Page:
Tell us about your time at the Academy.
I studied Baroque Flute on the MMus programme. Then, after travelling for three months, I came back and tutored and lectured in Academic Studies for over a decade. At the same time, I was freelancing as a Baroque flautist and, latterly, doing my PhD at Leeds University. It was incredible in lots of ways; I was very young when I started so the Academy gave me a real break. It was a privilege to guide the students through their degrees as both a lecturer and a tutor. I found it very creative too; I was able to write my own courses and focus on teaching Baroque seminars, which I loved.
I continue to feel a strong connection to the Academy, and I poured my heart and soul into it for all those years. It’s really touching to see the impact I had without realising – a bit of advice or a particular lecture that people remember, or someone telling me they play a Baroque instrument because they took my course.
How did you get into broadcasting?
I left the Academy in 2016 to move to Toronto for my husband’s job (although the deal was that I got to write my book while we were there!). I had already started doing a bit of work on radio and TV documentaries and had wanted to do more for the BBC for years. Just before we left, they asked if I wanted to have a go at presenting the Early Music Show and I jumped at the chance. I then had to confess that I was moving to Canada but they were very understanding, showed me the ropes and then for about 18 months I made the Early Music Show and presented other prerecorded concerts from my airing cupboard in Toronto. I really felt like I’d found my medium and my tribe. I realised that through radio I could communicate the things I was really passionate about and be that portkey to another dimension. I made a series of documentaries in Canada for the BBC to mark 150 years of confederation, moved from my airing cupboard to studios at CBC (the Canadian Broadcasting Corporation), and came back each summer to present the Proms on TV. By the time we moved back to London I was pretty much a full-time freelance presenter for BBC Radio 3.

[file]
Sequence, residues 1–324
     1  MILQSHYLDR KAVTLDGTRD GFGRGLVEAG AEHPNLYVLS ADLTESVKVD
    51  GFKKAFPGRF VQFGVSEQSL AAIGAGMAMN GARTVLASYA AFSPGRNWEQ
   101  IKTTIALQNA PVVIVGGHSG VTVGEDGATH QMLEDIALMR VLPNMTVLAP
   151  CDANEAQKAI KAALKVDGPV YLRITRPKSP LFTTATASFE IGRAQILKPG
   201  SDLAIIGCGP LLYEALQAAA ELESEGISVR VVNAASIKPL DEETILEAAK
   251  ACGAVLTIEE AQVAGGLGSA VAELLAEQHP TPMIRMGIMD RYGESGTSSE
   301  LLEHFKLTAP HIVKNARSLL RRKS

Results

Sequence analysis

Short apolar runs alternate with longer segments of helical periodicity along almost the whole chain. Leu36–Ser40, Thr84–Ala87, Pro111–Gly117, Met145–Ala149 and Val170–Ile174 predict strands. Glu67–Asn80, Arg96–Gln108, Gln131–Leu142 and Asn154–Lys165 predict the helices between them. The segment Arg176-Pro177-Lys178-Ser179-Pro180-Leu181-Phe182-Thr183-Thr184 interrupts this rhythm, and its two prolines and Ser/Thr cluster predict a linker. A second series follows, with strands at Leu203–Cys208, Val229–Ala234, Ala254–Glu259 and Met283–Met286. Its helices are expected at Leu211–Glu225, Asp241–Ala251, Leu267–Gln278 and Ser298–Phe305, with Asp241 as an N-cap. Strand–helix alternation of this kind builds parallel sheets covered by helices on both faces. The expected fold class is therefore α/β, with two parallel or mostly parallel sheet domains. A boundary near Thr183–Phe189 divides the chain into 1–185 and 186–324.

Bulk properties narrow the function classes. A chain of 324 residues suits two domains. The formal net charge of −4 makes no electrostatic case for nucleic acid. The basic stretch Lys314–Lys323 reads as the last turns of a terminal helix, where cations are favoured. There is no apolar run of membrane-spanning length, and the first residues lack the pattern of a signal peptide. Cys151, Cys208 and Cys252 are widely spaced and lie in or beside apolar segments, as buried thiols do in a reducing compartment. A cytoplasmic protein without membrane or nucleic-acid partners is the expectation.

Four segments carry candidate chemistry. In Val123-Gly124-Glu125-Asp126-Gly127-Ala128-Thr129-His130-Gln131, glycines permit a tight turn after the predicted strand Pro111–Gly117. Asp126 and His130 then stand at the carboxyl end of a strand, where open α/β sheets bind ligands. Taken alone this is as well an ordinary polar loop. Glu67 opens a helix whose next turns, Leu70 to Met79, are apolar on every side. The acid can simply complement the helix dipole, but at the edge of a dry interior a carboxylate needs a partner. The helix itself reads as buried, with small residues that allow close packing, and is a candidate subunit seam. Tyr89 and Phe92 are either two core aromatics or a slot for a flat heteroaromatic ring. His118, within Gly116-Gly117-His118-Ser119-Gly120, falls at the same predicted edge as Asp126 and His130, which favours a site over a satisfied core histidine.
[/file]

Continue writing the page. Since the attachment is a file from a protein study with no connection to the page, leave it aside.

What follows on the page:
Has your experience as a performer helped you to develop your broadcasting skills?
I think it’s been the combination of my performing and teaching experience. Presenting is performing – where to put your voice at different times, the speed of delivery, understanding where the climaxes are in what you’re saying and how you’re going to pace your way through a show. You’ve got to get inside the performance so that your reaction is in tune with what has just happened. As a musician, I feel a connection with the artists and can recognise those really special moments in their performances, and that helps me translate it to the audience.
My teaching work at the Academy was also a very real preparation for broadcasting; as a lecturer, I was endlessly trying to capture the students’ imagination and instil new ideas, and that’s exactly what you want do in a radio programme like the Early Music Show. The researching, framing and structuring of programmes is pretty similar in a way too; I’m aiming to make people want to know more – to hear more. So yes, my time at the Academy was training me for what I do now, although I didn’t realise it at the time.
How did things change for you during lockdown?